As for the question whether people prefer male interpreters over females or vice versa, honestly I don’t know, I’ve only been a female interpreter.
So that’s how my week passed. After a short weekend there comes another week with both consecutive and simultaneous translation. No time to relax!

I hope my answer was useful to you, Gyung, and I wish you success in being an interpreter. It’s not easy, that’s true, but it’s lots of fun, trust me!

Simultaneous Russian-English interpreter at the IV Astana Economic Forum

May 19th, 2011

On May, 4-5th I worked as a Russian-English simultaneous translator at the  IV Astana Economic Forum. The Forum gathered experts, international organizations, business communities, transnational companies, research insitutes and universities.

Russian-English Interpreter in Astana

There were eight Nobel Prize laureates present among which John Nash, Eric Maskin, John Aumann,there were also CEO’s and Chairmen of different companies worldwide. From the Kazakhstani part there were government representatives, as well as those of the business.

I worked in a Green Economy section with the representatives of UNECE, mostly dealing with the concepts such as green growth, green development, etc. There were speeches on the advantages of the green economy, approaches and good practices in the UNECE region in terms of greening economy.

There were also some discussions related to the Ministerial Conference that will be held in Astana  in September, that is why I accompanied some participants during the negotiations at the Minsistry of Foreign affairs and the Ministry of Environment Protection  next day.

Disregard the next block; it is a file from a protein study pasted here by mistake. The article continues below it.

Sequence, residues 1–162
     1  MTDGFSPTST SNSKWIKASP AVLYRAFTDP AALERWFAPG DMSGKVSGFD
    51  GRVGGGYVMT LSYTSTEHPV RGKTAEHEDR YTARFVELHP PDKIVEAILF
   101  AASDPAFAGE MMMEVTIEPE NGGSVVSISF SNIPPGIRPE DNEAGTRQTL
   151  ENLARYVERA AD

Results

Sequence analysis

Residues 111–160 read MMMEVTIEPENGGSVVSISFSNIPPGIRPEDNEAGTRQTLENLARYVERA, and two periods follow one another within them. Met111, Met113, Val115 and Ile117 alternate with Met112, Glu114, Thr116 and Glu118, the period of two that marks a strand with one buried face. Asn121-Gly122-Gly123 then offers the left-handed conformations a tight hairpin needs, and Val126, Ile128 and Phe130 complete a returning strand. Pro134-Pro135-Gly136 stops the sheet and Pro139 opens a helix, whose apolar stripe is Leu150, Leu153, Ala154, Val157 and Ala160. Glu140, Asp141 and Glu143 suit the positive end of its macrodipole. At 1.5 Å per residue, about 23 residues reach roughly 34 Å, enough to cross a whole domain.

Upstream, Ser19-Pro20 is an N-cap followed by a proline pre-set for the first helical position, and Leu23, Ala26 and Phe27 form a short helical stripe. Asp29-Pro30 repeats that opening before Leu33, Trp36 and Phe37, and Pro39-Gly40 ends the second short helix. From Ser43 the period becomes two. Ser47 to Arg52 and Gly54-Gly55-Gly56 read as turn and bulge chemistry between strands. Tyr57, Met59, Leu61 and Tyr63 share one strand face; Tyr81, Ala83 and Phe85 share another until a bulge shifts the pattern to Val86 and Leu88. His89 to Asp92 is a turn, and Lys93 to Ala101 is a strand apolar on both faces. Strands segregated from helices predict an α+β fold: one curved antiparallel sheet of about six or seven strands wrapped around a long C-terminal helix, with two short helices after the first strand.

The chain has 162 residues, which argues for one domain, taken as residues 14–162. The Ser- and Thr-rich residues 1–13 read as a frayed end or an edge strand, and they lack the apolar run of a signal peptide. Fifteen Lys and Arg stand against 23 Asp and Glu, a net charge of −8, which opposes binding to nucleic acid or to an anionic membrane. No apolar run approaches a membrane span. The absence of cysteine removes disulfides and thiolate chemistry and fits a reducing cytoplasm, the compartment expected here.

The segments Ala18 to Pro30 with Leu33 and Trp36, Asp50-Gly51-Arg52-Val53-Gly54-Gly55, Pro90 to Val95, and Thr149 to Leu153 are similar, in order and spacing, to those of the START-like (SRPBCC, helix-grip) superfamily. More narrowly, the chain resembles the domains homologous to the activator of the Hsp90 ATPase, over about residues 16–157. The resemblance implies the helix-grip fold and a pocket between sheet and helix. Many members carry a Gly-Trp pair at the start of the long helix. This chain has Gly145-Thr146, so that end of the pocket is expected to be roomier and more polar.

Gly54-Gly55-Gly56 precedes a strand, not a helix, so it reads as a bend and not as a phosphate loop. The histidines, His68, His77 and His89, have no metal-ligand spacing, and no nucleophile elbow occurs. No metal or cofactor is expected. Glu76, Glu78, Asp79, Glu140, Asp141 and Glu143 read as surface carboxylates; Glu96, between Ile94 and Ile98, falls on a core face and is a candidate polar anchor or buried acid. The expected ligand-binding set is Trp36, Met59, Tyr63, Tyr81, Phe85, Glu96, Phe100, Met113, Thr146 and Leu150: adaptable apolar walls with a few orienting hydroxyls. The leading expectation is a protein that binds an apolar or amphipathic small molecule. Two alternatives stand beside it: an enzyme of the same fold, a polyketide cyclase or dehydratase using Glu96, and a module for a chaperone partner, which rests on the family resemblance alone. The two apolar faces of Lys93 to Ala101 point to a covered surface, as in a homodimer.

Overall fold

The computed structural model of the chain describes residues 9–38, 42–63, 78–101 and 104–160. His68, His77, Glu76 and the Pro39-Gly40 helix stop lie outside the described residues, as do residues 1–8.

I will be working with UNECE in the end of  May again, so I am looking forward to meeting the participants again.

Simultaneous translation at the World Forum of Spiritual Culture

November 9th, 2010

I worked as a simultaneous translator at the World forum of spiritual culture which gathered people from all over the world in Astana on the 18th -20th of October, 2010.

Simultaneous translation is known as the most difficult type of translation since it is done at the same time as the speech itself. Being one of the two simultaneous translators who are located in the booth at the end of a conference room, I enter the booth, put a headset on, check a microphone, three, two, one, go: „Dear ladies and gentlemen, welcome to the world forum of spiritual culture!“. My work day starts.

I translated both from Russian into English and from English into Russian. The reports that were read mostly touched upon the concepts such as moral responsibility,power and conscience, morality and its values.
There were several difficulties connected to the translation: first of all, all the reports were read, which means that the speed was significant. Taking into account that translators had no reports at all, this was quite a challenge. Some accents also caused troubles: not only native speakers were present, so sometimes it really took some moments to get a speaker. And as a simultaneous translator you simply don’t have those moments. On the other hand, translating from Russian into English was quite easy and I would even say relaxing. The big advantage of the simultaneous translation is that there is no need to memorize anything as a translator is only 2-3 words behind a speaker. Another important thing is that the translators (who always work in pair) change every 15 minutes, that also gives some time for recovery. Report after report, we made it to the lunch break and a couple of hours later to the end of the forum.

In other words, simultaneous translation is no doubt a challenge but it is also a pleasure when you realize that the audience is satisfied with what it has been hearing in the headphones for the whole day :)